India: View of Bhopal
About the work
The city of Bhopal is seen in the distance of this hot, shimmering scene. To the right, the red clothing of a woman with a child, is contrasted against the bright blue lake.
Bhopal is the capital of the north Indian state of Madhya Pradesh. Bhopal became a British protectorate (governed by an Indian ruler under indirect British rule) in 1818. From 1819 to 1926 it was ruled by four generations of Begums (female Muslim rulers). Shahjahan Begum (ruled 1844-60 and 1868-1901), who was in power when artist George Howard visited the city, was responsible for building the impressive, although unfinished, Taj-ul-Masjid mosque. More recently, the university was established in 1970 and in 1984, Bhopal was the scene of one of the world’s worst industrial disasters when deadly gases escaped from a pesticide plant, killing over 2,000 people.
A watercolour version of this scene is in the collection at Castle Howard, in north Yorkshire, a former home of the artist and one of the seats of the Earls of Carlisle.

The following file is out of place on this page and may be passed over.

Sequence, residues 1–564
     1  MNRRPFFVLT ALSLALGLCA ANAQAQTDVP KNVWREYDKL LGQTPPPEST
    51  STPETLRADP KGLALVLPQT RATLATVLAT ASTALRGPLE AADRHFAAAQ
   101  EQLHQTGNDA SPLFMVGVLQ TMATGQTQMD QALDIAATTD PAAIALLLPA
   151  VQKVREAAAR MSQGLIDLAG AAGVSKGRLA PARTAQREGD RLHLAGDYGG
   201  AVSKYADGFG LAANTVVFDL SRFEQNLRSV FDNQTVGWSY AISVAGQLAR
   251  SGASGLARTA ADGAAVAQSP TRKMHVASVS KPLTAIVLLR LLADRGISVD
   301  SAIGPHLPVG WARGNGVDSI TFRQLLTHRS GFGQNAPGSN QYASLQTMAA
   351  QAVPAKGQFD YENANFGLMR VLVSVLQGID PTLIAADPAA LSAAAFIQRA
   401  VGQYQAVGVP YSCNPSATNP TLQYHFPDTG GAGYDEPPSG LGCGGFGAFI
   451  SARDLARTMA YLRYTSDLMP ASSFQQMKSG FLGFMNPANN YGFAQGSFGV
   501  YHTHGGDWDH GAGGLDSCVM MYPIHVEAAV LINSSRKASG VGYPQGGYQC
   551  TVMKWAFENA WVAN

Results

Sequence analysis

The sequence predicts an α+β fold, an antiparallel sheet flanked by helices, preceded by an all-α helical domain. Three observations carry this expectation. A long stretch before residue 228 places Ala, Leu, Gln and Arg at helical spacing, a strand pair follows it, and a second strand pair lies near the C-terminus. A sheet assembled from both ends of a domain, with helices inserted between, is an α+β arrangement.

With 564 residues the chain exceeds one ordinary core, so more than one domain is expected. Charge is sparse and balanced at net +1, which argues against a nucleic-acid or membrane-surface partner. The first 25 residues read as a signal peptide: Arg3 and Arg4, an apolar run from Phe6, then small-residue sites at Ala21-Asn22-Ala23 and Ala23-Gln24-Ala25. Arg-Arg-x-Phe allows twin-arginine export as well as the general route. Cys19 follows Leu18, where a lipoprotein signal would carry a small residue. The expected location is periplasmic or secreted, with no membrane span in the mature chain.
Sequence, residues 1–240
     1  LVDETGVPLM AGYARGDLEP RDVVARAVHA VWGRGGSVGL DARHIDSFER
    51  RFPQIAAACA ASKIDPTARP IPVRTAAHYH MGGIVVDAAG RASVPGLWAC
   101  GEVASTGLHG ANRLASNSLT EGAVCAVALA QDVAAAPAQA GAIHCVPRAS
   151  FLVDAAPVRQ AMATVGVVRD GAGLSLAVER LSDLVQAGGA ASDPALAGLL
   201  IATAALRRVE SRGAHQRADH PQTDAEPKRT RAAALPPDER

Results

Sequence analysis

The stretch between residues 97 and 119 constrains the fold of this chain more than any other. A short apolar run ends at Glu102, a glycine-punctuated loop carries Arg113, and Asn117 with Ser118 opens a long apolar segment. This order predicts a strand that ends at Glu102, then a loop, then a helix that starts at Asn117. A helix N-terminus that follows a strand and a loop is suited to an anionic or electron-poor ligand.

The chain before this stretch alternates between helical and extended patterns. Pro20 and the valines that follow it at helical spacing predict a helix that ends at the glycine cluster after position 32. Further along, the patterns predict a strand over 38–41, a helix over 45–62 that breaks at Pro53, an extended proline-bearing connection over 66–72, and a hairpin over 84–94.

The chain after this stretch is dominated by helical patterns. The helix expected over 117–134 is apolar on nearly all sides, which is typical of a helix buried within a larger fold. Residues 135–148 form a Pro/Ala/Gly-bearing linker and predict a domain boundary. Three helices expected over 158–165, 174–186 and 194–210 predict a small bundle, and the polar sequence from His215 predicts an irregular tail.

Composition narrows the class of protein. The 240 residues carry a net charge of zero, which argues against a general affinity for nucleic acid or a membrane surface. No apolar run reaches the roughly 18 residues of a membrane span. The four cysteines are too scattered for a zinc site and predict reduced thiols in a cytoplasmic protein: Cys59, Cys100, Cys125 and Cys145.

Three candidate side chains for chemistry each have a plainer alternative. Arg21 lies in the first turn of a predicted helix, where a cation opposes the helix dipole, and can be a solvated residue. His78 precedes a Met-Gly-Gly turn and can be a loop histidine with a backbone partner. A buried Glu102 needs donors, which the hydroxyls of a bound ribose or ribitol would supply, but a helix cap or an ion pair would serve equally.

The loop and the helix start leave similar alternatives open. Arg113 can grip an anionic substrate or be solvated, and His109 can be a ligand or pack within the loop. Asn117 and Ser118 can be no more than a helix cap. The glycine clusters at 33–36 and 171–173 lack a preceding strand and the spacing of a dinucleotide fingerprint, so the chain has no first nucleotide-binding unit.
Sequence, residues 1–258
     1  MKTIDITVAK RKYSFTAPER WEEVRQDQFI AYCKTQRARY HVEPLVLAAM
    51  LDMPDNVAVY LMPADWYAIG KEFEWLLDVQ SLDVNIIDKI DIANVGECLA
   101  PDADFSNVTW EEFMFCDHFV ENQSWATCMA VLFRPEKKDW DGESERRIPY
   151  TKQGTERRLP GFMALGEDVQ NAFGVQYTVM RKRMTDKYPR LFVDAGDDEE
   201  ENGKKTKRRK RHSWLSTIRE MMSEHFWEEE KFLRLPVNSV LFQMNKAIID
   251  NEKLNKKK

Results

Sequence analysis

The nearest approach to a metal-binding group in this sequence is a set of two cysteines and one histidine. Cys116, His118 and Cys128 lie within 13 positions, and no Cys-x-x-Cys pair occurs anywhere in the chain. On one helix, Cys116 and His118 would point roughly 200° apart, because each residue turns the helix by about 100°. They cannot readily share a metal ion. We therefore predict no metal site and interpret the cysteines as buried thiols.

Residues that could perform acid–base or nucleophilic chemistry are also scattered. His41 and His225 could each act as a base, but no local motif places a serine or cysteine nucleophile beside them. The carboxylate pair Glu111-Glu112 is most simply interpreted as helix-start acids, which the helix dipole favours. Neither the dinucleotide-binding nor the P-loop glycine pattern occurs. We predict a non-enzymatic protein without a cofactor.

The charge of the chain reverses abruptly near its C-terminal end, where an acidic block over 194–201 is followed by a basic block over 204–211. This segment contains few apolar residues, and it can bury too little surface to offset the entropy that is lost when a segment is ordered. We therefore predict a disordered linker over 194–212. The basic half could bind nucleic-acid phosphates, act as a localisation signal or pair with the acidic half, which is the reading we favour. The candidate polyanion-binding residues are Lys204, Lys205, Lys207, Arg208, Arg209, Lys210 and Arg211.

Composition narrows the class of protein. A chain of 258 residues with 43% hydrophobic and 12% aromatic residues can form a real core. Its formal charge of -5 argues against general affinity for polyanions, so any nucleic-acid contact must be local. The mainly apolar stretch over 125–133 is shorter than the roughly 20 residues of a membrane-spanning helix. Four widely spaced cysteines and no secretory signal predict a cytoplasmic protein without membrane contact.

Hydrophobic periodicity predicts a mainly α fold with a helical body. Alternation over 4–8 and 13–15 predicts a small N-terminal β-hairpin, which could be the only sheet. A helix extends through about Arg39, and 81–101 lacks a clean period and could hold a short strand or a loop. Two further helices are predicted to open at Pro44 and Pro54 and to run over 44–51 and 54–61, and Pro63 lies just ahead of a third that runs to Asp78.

About the artist
Painter and politician George James Howard studied in Italy under Giovanni Costa and at the South Kensington School of Art, before exhibiting at the Grosvenor Gallery from 1868. In 1879 he was elected Liberal MP for East Cumberland. His wide circle of artistic and literary friends included William Morris, Edward Burne-Jones, Arthur Hughes, Walter Crane, Frederic Leighton, Alfred Tennyson and Robert Browning. Howard travelled extensively, making sketching trips through Italy, Egypt, India, South Africa and the West Indies. From 1881 he served on the board of Trustees of the National Gallery, later becoming Chairman. In 1889 he inherited the title ninth Earl of Carlisle. Howard continued to paint until his death, from heart failure, aged 67.
- India: View of Bhopal
- Oil on panel
- height: 19.50 cm, width: 35.50 cm
- Purchased from Agnew's, January 1990
- Collection of ‘Lord Morpeth’ (presumably the artist's son: Charles James Stanley Howard, 10th Earl of Carlisle, 1867-1912; known as Viscount Morpeth from 1889 to 1911); sold through Sotheby’s, London, ‘Victorian Paintings’ sale, on 16 March 1988 (Lot 89), for £2,310; with Agnew’s Gallery, London; from whom purchased by the Government Art Collection in January 1990
- GAC number